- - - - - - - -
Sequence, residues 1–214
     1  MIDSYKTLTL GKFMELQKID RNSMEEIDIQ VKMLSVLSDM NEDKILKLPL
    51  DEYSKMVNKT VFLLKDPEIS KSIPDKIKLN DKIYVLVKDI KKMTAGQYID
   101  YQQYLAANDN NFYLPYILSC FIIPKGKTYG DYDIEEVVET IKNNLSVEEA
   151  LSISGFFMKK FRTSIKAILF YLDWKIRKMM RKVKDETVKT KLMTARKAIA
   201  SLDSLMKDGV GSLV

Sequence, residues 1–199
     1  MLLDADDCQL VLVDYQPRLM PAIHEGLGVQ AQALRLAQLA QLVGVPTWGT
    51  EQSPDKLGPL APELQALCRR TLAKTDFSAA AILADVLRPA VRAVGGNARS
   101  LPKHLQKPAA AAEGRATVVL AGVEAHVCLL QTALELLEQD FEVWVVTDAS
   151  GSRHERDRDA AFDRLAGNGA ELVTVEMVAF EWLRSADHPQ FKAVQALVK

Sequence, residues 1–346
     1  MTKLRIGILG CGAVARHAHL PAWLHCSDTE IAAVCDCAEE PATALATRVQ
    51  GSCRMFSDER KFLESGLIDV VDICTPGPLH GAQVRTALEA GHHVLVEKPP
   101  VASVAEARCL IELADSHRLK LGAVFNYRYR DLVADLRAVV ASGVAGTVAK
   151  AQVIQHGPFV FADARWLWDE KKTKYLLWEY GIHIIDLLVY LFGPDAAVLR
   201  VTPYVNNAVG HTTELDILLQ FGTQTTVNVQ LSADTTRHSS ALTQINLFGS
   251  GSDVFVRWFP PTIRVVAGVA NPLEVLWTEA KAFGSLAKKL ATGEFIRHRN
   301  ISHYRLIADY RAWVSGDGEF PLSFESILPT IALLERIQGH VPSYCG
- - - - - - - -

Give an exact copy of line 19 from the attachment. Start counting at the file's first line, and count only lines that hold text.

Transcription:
   301  ISHYRLIADY RAWVSGDGEF PLSFESILPT IALLERIQGH VPSYCG